“I want to empower people, not just real estate profit:” Nate Baker running for Durham City Council

Nate Baker sees a problem with Durham city development and is running for City Council to fix it.

Born and raised in Durham, Baker is a product of the Durham County public school system. He is 34 years old and the youngest candidate in the running.

Baker holds an undergraduate degree from Cornell University in urban and regional planning, and a master’s degree from UNC-Chapel Hill in city, community and urban planning. He has served on the Durham Planning Commission for five years and is the senior-most member. 

His work planning in Durham, across the East Coast and in the Southwest has influenced Baker’s platform in defining issues such as zoning, city-walkability and environmental responsibility. 

“That perspective has given me the opportunity to see what many other cities are doing and working with,” he said.

Baker feels that his experience has helped him see the disparity between Durham’s possibilities and actual practice in planning and development.

An issue he has not seen anywhere else is SCAD. The Simplifying Codes for more Affordable Development is an 87-page proposal which recommends loosening zoning regulations to spur housing development. Supporters say this will help small developers to build more affordable housing, while opponents argue it is not the developers’ place to draft widespan city recommendations. 

Baker’s viewpoint on the recommendation is that even though the proposal has good ideas, it has been poorly implemented because it was written by developers, not city planning staff. 

He also said that the recommendation removes leverage from the city to control development through regulations. Baker also mentioned that most proposals are one page documents only requesting minor changes. There is also a 3,800 fee for submitting proposals to change zoning regulations.

“It’s a bad proposal on one hand, and on the other hand, it is an indicator of the broken nature of Durham legislating and policy making and how it works,” he said, “It represents how we’ve been doing things for a long time in Durham.” 

Baker believes issues such as transportation and walkability, should be more prevalent concerns than the main recommendations in the proposal.

Only 4 percent of the Durham population can access their place of work without relying on a personal vehicle. Car transportation is, on average, the second largest household expense.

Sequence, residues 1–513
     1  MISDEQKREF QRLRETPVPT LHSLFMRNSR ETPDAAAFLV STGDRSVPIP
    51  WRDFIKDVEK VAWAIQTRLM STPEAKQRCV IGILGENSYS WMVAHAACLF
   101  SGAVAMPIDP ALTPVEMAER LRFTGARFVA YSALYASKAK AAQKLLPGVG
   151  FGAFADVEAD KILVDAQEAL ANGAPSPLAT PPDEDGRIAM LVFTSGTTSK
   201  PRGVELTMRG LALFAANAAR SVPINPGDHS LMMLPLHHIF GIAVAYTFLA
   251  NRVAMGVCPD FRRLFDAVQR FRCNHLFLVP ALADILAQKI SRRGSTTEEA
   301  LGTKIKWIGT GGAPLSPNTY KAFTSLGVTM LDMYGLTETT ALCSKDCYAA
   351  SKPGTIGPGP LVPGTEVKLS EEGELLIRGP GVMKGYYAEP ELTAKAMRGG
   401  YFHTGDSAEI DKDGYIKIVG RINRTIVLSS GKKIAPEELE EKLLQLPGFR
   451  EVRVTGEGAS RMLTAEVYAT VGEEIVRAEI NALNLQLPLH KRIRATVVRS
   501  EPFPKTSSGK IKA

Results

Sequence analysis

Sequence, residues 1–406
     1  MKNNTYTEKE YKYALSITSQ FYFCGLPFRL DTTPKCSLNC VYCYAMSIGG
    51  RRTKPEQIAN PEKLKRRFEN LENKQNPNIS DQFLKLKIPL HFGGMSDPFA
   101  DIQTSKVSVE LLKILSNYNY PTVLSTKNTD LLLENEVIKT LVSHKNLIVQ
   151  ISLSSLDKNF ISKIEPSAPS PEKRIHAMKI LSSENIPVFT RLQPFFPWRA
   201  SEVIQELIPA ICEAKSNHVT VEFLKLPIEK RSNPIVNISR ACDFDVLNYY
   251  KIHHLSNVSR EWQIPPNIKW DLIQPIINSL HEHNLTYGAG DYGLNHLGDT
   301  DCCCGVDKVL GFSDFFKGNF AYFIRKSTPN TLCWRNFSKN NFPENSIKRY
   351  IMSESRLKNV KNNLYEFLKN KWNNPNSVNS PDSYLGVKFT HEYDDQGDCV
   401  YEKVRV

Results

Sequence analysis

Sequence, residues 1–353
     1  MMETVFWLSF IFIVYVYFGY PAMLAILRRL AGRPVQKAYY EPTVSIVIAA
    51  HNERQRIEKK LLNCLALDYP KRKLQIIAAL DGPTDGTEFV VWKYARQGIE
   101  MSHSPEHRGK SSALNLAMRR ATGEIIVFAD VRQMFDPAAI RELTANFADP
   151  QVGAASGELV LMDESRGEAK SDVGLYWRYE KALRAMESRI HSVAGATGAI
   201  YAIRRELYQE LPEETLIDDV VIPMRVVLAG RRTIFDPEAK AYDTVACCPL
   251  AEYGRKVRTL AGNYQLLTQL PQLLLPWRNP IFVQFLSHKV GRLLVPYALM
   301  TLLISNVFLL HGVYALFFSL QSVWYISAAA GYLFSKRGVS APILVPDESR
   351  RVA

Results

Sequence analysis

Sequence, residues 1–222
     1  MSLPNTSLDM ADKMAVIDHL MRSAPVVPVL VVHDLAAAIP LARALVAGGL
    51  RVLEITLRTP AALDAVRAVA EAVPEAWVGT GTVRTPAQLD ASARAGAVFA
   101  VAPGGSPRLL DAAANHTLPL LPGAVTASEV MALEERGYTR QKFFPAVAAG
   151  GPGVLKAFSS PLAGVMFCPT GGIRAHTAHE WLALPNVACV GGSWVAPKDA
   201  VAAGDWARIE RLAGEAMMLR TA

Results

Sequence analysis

Walkability is important to Baker for both environmental and climate reasons, but also because he said traffic accidents are one of the largest killers of young people. 

Baker’s website says that he plans to improve walkability by implementing better transit infrastructure and creating more wide sidewalks, bike lanes and parks.

He said the most obvious and easiest way to do this is to stop “urban sprawl,” which is development expansion typically requiring personal vehicles to access. Baker said this is a way to keep development on the outskirts of Durham sustainable and walkable.

Durham has expanded ten percent in the past five years, which created a ten-mile radius of land yet to be developed. North Carolina allows for cities to require developers to build parks, yet Durham did not choose to adopt this law.

Baker said Durham rejects this law because the city would rather have private spaces and does not want to build new parks.

The city council regulates 50 billion dollars worth of real estate, Baker said. He believes that this can be better used to create a community that people want to live in. 

Baker has rejected campaign donations from real estate companies in order to retain the power to make land decisions and is endorsed by The Durham Committee on the Affairs of Black People and the Sunrise Movement Durham PACs.

“I want to empower people,” Baker said. “Not just real estate profit.” 

Published 10/3/2023

Edited by Lauren Baddour